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to harry reid. bill: that is cab fare, by the way. steve hayes, senior writer, "weekly standard." fox news contributor. good morning to you. >> good morning bill. >> president is on the road. no meetings to talk about this between senate leaders and house leaders. no meetings with the administration. friday there is no session on the schedule for congress. >> right. what's different about this one is that in the past, the fiscal cliff, these other things you at least staff to staff contact and negotiations and ongoing discussions, sort of largely out of public view. that even is not happening in this scenario. i think we're likely to see the sequester come march first and see how it plays out the next month. bill: if it comes, this deadline is little different from what we've seen in the past, steve. >> right. bill: this is gradual. make it works its way into the system a little bit at a time during the month of march. for sure during april. >> right. bill: it seems to have a different feel. there is not the urgency there. >> it does. this is where the white house is having, creating some
what he hopes the senate will do with the sequester. today, it was harry reid's chance to respond. >> speaker boehner made harsh accusations, i'm not going to repeat them here on the senate floor. he thinks the senate isn't moving quickly enough to avert the sequester. the speak's charge is weak sauce, mr. president. >> weak sauce. joining me now is robert gibbs. former white house press secretary to president obama. weak sauce, what do we say about that? >> i think you can see, we are in the -- if you were landing an airplane, we are in the final decent here. i think there seems to be nothing on the horizon that would overt the cuts. the president is not going to move off of the idea that these cuts should be replaced by a balance of entitlements and spending cuts. i see nothing that would demonstrate that republicans are ready to make those cuts more balanced and talk about revenue in addition to spending cuts. i thought the most interesting and colorful quote wasn't speaker boners, but senator ron johnson from wisconsin who said if speaker boehner were to overt the sequester cu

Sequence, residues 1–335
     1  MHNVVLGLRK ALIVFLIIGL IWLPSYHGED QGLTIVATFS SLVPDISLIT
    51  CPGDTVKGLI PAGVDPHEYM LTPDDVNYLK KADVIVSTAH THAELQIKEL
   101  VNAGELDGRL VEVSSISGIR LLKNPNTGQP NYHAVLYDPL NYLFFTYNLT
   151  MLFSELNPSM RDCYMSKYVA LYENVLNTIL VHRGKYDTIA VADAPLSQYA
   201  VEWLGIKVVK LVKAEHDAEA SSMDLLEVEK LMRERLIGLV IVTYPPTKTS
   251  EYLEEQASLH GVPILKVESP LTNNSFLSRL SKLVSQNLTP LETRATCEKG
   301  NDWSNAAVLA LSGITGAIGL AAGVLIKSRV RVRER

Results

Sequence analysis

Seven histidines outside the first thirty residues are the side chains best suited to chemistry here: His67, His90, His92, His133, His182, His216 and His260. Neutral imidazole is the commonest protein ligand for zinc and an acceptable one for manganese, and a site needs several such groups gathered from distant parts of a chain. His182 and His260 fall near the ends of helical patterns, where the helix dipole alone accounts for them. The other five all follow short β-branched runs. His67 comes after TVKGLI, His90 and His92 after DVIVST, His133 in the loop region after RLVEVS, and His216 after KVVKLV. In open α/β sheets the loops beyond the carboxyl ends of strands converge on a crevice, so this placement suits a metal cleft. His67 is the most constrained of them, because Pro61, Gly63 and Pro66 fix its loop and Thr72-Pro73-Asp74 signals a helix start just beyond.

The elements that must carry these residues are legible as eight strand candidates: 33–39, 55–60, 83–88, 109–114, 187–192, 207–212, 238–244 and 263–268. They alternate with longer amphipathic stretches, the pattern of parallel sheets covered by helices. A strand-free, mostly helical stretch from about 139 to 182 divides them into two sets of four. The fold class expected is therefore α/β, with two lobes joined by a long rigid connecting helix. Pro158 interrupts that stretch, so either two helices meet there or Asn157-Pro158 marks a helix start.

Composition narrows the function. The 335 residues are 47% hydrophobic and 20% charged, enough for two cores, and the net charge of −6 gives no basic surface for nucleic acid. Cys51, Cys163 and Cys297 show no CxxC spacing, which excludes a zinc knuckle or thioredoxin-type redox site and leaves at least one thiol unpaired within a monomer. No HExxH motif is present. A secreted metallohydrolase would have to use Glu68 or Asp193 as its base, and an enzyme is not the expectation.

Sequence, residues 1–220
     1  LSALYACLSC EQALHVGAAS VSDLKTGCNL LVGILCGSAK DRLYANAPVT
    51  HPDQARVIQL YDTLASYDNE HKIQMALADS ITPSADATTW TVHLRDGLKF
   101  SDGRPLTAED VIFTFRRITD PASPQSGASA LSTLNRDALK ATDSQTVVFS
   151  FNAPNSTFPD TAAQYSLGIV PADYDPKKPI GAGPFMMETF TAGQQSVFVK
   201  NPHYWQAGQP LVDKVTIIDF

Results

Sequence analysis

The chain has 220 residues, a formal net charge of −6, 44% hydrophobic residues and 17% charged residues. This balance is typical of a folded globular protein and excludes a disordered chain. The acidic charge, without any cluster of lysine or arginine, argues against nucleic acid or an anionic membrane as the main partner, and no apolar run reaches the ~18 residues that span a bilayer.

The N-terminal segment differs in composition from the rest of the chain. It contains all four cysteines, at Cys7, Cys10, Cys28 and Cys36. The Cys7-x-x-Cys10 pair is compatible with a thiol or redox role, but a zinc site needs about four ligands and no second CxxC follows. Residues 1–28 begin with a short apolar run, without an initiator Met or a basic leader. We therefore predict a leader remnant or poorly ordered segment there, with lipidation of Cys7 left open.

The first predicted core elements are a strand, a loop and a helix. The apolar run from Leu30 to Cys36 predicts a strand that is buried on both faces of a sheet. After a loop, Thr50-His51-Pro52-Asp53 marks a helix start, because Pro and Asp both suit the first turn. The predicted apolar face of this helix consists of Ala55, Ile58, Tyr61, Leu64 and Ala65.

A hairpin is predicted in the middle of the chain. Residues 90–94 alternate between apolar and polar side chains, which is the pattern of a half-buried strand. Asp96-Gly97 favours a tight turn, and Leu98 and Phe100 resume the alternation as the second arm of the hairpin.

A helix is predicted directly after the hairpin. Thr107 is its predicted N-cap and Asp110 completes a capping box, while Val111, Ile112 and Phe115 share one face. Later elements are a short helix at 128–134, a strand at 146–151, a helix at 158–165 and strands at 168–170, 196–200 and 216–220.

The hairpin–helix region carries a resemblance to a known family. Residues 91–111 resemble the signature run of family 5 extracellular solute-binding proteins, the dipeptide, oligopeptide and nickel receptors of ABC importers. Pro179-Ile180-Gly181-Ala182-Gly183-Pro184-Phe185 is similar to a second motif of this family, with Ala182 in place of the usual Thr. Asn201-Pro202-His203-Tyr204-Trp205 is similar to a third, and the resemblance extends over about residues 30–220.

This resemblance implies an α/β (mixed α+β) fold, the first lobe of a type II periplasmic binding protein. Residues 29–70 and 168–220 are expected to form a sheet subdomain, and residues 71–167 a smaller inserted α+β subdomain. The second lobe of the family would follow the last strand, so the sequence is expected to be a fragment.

, and the reason why it was 58 votes is because harry reid switched his vote to no soap the senate can bring it back up again. you have a lot of republican senators who were saying last week that they did not want to see it go up in filibuster. at least it would be an up-down of the to be approved. there was no precedent to filibuster a choice like this. and the republicans decided they wanted to use this vote as a way to extract more information from the white house on issues like the terrorist attack in benghazi in september, and so they are committed to passing a goal when they come back. the way you are looking at it, it is a tedious exercise in delaying the inevitable. chuck hagel will be confirmed. he will just have to wait 11 days. you should confirm him because you are going to confirm him anyway. it is just another delay in what the senate is trying to do. host: harry reid set a new vote for tuesday, in 11 days. what do republicans want to see in the meantime? guest: they say they would like answers again from the white house, more details about what the president did and did not do